Sean Stanfield  was found guilty through Citepay of failing to yield or stop at a sign. Defendant was fined $50 and must also pay $65 in court costs.

  • Police Beat 3-12-17

    Police Beat items are compiled from public information contained in Los Alamos Police Department Records. Charges or citations listed in Police Beat do not imply innocence or guilt. The Los Alamos Police Department uses the term “arrest” to define anyone who has been physically arrested, server a court summons, or issued a citation.

    Feb. 15
    7:45 a.m. — Police officers recovered a laptop computer at Morning Glory Bakery.

    3:20 p.m — Los Alamos police reported a burglary  in Los Alamos. Police are actively investigating.

    Feb. 17
    11:50 a.m. — Police reported a laptop stolen at the Los Alamos Unitarian Church.

    8:49 p.m. — Police arrested a minor for being in possession of drugs on East Road.

    Feb. 18
    1:28 p.m. — Byron Keith Henderson,  49, of Los Alamos was arrested at the intersection of North Street and San Ildefonso Road on two counts of not having a license and drug possession.

    9:37 p.m. — Police investigated an act of vandalism at the Larry R. Walkup Aquatic Center where the windshield of a car was found shattered.

    Feb. 19

  • House approves ethics commission proposal

    BY STEVE TERRELL
    The New Mexican

  • Senator starts process for overriding gov’s veto

    A Republican legislator on Friday began his attempt to override Gov. Susana Martinez’s veto of a bill that would enable teachers to use more sick days without being penalized in their performance evaluation.
    Sen. Craig Brandt, R-Rio Rancho, moved to have the vetoed bill returned to the Senate so he could seek an override early next week.
    Martinez is also a Republican, but Brandt said he would continue pursuing the override unless they can reach a compromise in which teachers are not penalized. He said he had initiated conversations with Martinez’s Public Education Department in hopes of starting such a discussion.
    “I don’t take any joy in overriding a veto,” Brandt said.
    Martinez’s spokesman, Michael Lonergan, referenced the governor’s veto message when asked about the possibility of a compromise with Brandt.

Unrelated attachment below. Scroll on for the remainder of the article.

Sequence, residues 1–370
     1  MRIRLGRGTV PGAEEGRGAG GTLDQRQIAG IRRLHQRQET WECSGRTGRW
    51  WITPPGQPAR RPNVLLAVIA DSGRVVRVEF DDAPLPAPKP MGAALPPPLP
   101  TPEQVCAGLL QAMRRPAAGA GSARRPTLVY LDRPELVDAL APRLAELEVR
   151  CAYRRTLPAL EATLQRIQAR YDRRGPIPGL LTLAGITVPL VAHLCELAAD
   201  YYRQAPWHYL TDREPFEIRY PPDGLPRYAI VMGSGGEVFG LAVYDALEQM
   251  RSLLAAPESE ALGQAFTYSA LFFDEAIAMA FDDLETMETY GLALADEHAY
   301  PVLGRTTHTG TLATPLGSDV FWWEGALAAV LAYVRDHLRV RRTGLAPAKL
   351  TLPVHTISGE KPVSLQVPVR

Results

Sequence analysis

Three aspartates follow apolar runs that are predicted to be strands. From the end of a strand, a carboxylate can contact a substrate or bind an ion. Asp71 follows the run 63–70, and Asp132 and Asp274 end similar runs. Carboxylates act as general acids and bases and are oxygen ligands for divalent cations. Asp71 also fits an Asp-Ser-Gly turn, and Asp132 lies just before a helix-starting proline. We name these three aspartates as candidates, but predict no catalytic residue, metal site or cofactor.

In part, Martinez said: “I would welcome a bill that considers reasonable changes to attendance measures as part of an effective, comprehensive teacher evaluation system. However, the Legislature continually refused to engage despite the Public Education Department’s repeated good-faith attempts to meet teachers and teachers’ unions halfway.”

  • Locals have passion for saving local wild birds

    BY WREN PROPP
    Special to the Monitor

  • Annual school art exhibit wows community

    The Los Alamos Public Schools opened its third annual, district-wide art exhibit at the Mesa Public Mesa Library Thursday, filling the library’s third floor with the sounds, colors and creativity of Los Alamos’ school students. Sculptures, paintings, drawings and even works of computer animation were on display as residents went from exhibit space to exhibit space, trying to take it all in.
    “It’s a fabulous display. This is about the importance of educating the whole child and celebrating achievements in all fields,” School Board Member Ellen Ben-Naim said. “My face hurts from smiling so much. I’m so delighted by each piece. This just reinforces to me the importance of a fine arts education.”
    The district’s art teachers choose this time to have the exhibition since March is Youth Art month and March is also Arts in the Schools Month.  The library is open on the weekend for residents who haven’t seen it yet. The exhibit features works from all five elementary schools, the middle school and the high school.
    Besides being an opportunity to show the creative side of the school district’s students, the exhibition also serves as reminder to the community of how important the arts are to education and to the students themselves.